# Does the flow over a wing decelerate upward, like air decelerates sideways with a swept wing?

In this answer, it states that the deceleration of air in the region of pressure rise over a wing acts in a direction perpendicular to the lines of relative chord, explaining how spanwise flow is formed.

To be precise: The acceleration and deceleration acts in a direction perpendicular to lines of the local relative chord.

My main question is does the air decelerate in the vertical axis too? Imagine taking the spanwise flow and flipping it 90 degrees so it was pointing up. In other words, I'm asking if there is a flow component facing upward in the region of pressure rise. (because the acceleration and deceleration of air acts in a direction perpendicular to the lines of relative chord, and the vertical axis would be perpendicular) Below is an image to convey what I mean about vertical flow component. (Feel free to ask for clarification in the comments, it's probably hard to understand what I'm asking.)

Here is an edit that I just did, because I now have another question : Does the air decelerating vertically contribute to stalls? (the air decelerating vertically towards the trailing edge)

• Actually fascinating that, what is usually referred to as "downward acceleration", is being referred to here as "upwards deceleration", but OK! Studying stalling onset of swept wings vs straight wings may help. Interesting that the airflow is also "bent" by the wingtip vorticies. Jan 9 at 10:37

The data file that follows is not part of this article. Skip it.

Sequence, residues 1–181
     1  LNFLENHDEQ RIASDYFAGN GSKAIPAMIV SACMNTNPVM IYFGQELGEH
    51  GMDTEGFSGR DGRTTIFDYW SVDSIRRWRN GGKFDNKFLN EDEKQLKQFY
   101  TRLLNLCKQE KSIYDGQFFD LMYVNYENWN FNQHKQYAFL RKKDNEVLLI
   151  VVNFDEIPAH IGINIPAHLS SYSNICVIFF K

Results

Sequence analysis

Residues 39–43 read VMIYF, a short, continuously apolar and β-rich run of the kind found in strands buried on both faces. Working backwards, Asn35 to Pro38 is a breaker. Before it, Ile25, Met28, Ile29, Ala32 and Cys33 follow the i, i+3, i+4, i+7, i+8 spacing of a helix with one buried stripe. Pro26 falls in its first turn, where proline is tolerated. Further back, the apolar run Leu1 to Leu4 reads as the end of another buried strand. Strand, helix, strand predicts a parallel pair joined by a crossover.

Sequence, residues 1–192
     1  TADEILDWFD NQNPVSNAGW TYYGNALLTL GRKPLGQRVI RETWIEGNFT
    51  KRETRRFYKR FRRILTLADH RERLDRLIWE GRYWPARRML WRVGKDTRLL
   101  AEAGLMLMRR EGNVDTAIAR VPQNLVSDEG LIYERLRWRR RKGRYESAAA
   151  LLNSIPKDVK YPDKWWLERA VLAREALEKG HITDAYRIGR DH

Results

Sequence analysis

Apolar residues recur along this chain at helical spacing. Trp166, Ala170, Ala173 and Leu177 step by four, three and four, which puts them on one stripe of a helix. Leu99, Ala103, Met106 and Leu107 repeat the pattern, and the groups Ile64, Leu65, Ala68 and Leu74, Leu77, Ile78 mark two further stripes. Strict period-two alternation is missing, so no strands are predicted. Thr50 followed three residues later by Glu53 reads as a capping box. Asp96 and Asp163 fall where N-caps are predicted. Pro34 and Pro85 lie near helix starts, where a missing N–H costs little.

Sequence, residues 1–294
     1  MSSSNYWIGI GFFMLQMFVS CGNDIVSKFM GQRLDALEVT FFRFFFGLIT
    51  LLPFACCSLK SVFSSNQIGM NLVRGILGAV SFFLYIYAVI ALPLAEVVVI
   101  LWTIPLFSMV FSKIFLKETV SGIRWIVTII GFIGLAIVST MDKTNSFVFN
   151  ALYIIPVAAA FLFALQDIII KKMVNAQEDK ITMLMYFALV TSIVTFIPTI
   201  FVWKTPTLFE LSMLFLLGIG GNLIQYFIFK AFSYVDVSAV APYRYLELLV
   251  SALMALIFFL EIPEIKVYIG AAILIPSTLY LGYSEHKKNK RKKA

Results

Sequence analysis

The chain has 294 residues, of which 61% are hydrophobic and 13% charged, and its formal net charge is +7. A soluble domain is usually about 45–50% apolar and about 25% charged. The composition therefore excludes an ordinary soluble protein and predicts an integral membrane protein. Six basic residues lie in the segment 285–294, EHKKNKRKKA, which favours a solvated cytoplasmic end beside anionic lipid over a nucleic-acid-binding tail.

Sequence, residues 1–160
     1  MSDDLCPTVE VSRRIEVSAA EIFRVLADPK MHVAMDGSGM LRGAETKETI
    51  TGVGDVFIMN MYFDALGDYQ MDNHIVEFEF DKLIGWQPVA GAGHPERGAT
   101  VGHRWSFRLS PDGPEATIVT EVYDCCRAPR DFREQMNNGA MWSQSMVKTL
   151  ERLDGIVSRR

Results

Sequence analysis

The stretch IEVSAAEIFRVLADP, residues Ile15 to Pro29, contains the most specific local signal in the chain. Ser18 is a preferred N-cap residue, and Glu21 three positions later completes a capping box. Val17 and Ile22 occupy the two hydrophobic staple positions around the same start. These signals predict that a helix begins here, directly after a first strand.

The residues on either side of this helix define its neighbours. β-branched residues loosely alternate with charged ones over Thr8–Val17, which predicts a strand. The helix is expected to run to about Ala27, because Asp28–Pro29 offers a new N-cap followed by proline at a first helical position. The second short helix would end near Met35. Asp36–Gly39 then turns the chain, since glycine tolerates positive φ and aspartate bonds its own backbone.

• @RobertDiGiovanni well I had assumed that if air decelerates sideways for spanwise flow, it would also decelerate upward. Jan 9 at 15:42

In this photo, the streamlines just above the airfoil near the trailing edge are spaced more widely. So, as long as there's no vacuum there (as there might be for hypersonic flow), the airflow there must be "moving up" relative to ambient, as the red arrow suggests. That air has to come from somewhere.

A chord length or two above the airfoil, the spacing returns to ambient, so this upward flow has vanished by then. Thus, the upward flow must eventually decelerate to zero. Similarly, because the upward flow has to start from somewhere, it must begin with an upward acceleration.

• Ah I see, thanks. I'm going to copy/paste question from comments on other answer to here just to get your point of view : Say you had a swept wing, that was experiencing spanwise flow. Would the vertical component of the flow that you described be less, because some of the energy needed to do that is being used for decelerating air sideways for spanwise flow? (if that doesn't make sense I'll happily clarify it) Dec 3, 2023 at 3:06
• So, given two wings, identical except that one is rectangular, the other swept, are you asking if the upward flow near the trailing edge is less for the swept one? (Never mind the reason; just measure it in a wind tunnel, or pummel it with Navier-Stokes simulation.) Dec 4, 2023 at 5:51
• yes that is correct Dec 4, 2023 at 18:12

From the picture it can clearly be seen that air does accelerate vertically. If not, it would have just continued to travel on a perfectly horizontal line. Instead, due to the presence of the airfoil, it get pushed upward and downward i.e. it gets accelerated upward and downward.

• ah okay thanks! One small question that might be hard to understand : Say you had a swept wing, that was experiencing spanwise flow. Would the vertical component of the flow that you described be less, because some of the energy needed to do that is being used for decelerating air sideways for spanwise flow? (again, if that doesn't make sense I'll happily clarify it) Dec 2, 2023 at 20:53
• this is a late reply, but another little question popped into my head. Does the air decelerating vertically contribute to stalls? Jan 15 at 3:57
• Air decelerating along the rear portion of the airfoil is the one mainly contributing to the detachment of the boundary layer i.e. to the stall. Jan 15 at 5:09
• I see, thanks. I was thinking it might be the whole reason wings stall in the first place. Jan 15 at 5:12